What is that thing that when you have it you don’t think about it, but when you don’t have it, it is all that you want? The answer is something that is too often taken for granted – Health. When your stomach starts hurting, or you fall down the stairs and break your hip, all you want is for the pain to stop. When you overthink and feel sad and lonely, or when you are depressed, all you want is for the pain to stop. We all want to be healthy, in body and in mind, but it is not as easy as it should be.
A Healthy Body…
Most countries in Europe have a public health care system with doctors, nurses and many other healthcare professionals who are all there to help you feel better. Bodies are meant to deteriorate with time and they are not perfect: they break, they squeeze, they itch. And we feel it all. We feel time pushing us down, we feel our legs fatigue when we walk for hours, we feel our necks hurting when we sleep in uncomfortable positions. Our bodies need for us to take care of them. We need to give them food so they have the energy to climb mountains, we need to give them rest so they can recharge while waiting for their next adventure. We need doctors to help us when we do not have the abilities or the knowledge to stop the pain. The lucky thing: public health is free in most European countries. So, when something bad and unexpected happens to your body there is someone ready to help you. Isn’t that great?
…and a Healthy Mind?
Health entails much more than just physical well-being, it also includes a healthy mind. Here, the situation becomes a tad more complicated because there has always been stigma surrounding mental health. If you feel depressed or sad and have fears you can’t face, or if you feel broken inside and you think you need help to stop the pain, others might start thinking of you as a crazy person. Only weirdos and sick people go to therapy. If you have anxiety or panic attacks then you are not normal. There is something wrong with you. Yes, there is, and that is why you need professional help. If I broke my leg I wouldn’t fix it by myself, I would go to the hospital, listen to what doctors say, and do as I’m told. If you have an eating disorder, you might try to keep it to yourself in the belief that there is nothing wrong with it and that you can manage alone. But you can’t. Sometimes we simply do not have the ability to stop the pain we feel. Especially when that pain is in our mind we need to stop thinking that we can face it alone. Therapists like psychologists and psychiatrists exist for a reason; if we could fix ourselves on our own we would not need them, but we do. This is established, and yet, it still seems like mental illnesses are something we should be ashamed of, something we should hide. We certainly wouldn’t hide our broken arm, so why should we hide our broken mind? Why not seek for the help we need to stop the pain?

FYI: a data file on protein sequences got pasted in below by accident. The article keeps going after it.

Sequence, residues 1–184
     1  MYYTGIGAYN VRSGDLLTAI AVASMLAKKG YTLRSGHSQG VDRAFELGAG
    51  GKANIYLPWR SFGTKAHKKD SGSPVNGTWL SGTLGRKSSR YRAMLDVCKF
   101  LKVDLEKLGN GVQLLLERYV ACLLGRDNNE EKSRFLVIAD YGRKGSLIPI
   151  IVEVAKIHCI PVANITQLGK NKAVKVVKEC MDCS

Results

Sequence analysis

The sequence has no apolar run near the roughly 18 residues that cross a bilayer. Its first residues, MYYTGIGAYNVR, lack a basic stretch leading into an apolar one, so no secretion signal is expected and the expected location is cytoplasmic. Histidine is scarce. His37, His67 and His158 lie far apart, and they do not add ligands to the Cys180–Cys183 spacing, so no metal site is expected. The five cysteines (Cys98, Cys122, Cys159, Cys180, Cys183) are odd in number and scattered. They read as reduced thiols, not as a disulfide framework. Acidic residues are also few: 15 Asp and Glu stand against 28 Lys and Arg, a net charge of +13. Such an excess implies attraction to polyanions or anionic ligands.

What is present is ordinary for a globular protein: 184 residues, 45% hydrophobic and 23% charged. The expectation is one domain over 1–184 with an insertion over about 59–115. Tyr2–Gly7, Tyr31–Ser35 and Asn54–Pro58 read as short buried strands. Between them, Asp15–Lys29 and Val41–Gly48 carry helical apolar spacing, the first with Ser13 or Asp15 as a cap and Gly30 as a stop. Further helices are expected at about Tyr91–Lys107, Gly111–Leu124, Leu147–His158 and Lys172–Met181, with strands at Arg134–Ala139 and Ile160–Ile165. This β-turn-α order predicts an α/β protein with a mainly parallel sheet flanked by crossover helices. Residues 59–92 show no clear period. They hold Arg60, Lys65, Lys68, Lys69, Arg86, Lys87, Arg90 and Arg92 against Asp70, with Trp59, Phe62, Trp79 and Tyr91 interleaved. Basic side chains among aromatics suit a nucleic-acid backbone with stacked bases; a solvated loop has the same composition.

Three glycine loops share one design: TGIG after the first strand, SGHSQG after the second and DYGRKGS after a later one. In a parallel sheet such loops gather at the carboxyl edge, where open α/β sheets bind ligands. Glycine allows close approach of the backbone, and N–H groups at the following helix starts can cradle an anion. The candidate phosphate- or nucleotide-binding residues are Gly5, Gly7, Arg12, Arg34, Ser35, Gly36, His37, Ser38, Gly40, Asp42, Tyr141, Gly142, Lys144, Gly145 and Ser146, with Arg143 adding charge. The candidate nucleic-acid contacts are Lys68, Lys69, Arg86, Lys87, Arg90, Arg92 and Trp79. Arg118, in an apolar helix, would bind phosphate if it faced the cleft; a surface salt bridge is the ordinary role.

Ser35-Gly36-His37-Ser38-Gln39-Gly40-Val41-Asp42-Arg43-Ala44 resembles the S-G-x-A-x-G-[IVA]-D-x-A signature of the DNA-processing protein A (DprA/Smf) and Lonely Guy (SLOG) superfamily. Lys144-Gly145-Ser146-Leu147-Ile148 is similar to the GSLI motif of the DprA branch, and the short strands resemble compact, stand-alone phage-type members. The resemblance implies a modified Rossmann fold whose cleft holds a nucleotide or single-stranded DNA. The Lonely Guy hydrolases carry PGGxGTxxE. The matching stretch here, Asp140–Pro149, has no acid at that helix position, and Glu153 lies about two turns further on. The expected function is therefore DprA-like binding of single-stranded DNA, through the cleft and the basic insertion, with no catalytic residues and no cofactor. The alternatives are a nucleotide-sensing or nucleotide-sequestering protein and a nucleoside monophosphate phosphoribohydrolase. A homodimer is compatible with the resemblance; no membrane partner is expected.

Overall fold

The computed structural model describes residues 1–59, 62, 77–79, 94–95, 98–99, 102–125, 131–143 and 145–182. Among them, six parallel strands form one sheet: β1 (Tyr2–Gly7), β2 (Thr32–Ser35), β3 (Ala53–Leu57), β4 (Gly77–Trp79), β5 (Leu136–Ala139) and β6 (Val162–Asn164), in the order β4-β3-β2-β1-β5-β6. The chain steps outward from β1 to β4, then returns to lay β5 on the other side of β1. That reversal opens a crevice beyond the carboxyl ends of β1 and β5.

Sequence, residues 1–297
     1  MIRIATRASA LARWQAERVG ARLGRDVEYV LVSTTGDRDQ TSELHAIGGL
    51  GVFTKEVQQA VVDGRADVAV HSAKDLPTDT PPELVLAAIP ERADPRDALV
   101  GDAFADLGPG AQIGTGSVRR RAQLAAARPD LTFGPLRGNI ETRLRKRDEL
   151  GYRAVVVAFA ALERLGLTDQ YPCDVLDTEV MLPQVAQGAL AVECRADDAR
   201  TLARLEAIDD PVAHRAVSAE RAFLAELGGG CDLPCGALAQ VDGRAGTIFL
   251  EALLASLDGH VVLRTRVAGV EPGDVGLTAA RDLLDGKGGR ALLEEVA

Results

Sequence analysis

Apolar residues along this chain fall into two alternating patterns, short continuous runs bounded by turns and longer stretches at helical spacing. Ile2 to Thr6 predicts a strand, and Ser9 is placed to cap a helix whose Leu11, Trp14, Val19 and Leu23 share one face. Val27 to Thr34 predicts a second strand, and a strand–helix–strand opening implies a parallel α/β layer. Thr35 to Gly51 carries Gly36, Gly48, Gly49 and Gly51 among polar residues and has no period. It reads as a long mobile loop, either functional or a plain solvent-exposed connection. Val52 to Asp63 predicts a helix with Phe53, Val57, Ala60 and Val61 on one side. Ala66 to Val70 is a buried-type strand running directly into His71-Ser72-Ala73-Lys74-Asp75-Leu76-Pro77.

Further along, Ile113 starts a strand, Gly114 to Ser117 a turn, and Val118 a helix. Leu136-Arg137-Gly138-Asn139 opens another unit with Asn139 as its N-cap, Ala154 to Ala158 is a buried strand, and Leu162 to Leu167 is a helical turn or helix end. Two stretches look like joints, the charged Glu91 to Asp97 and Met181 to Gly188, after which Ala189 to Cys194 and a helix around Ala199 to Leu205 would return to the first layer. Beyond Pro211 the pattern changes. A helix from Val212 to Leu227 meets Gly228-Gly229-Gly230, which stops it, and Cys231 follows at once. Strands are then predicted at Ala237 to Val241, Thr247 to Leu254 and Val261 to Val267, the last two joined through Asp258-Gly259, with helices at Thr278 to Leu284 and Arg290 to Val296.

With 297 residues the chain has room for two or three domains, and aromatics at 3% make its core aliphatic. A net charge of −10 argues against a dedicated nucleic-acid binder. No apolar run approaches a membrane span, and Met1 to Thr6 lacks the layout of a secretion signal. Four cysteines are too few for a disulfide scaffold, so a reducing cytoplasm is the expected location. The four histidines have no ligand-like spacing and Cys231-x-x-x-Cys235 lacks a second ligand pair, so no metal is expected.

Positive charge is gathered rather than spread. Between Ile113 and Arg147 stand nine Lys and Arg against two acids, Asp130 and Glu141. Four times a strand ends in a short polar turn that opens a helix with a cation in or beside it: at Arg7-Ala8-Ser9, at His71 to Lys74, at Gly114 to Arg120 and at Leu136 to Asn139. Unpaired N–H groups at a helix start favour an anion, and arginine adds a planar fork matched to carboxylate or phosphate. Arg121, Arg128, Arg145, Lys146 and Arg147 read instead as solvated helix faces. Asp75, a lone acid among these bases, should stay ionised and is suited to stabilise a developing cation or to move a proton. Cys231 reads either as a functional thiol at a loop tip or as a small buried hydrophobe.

Money Can Buy Happiness
Four out of one hundred people in Europe were diagnosed with depression in 2019, and 56% of them did not receive any treatment at all. The main difference between physical and mental health can be observed in the fact that there is no such thing as a public mental health care system. Therapy sessions are not included in the general public health service and, when they are, the wait is too long, sometimes even up to six months. If I broke my leg there is no way I would have to wait in the emergency room for six months, but if I suffer from a mental disorder it’s okay that I am left waiting for that long? This makes no sense whatsoever. It’s healthy and liberating to have someone competent to talk to on a regular basis about how we feel and our life experiences. It makes us feel better about ourselves, and see things from a different perspective. We are a constant work in progress, and we need to have access to these resources in order to be able to work on ourselves. There are general practitioners so why not have a general psychologist? It is necessary to treat mental health in a more serious and practical way. Mental healthcare has to be accessible to everyone.
The Paradox Of Accessibility
Mental health care, however, is not yet accessible to everyone equally. The main goal nowadays is to provide everyone with access to healthcare professionals. When we talk about accessibility we need to take into consideration three main factors: physical accessibility, patients’ need to be aware of opening hours and locations of facilities that treat mental health illnesses; financial affordability, equal access to mental healthcare for everyone; and acceptability, society pushes people away from therapy because of the stigma built around it. Only when all three of these conditions are met will we be able to consider mental health care to be accessible. Otherwise, the more serious the mental problem gets the more expensive it will be to cure, and the more stigma there will be around it, so people with more serious mental illnesses will be less likely to seek help. A lot of work still needs to be done, but some countries in Europe are already gradually working towards a better society. Luxemburg has incorporated mental well-being into the educational system. They challenge young people to find what makes them unique, rather than having them conform to the group. They actively work towards destigmatizing mental illnesses and creating happier citizens. Some regions in Italy have recently introduced general psychologists available to the public, just like general practitioners are. Times are changing and, hopefully soon, mental health care will be fully accessible to everyone.
Cover: Arthur Brognoli
Edited by: Hana Maurer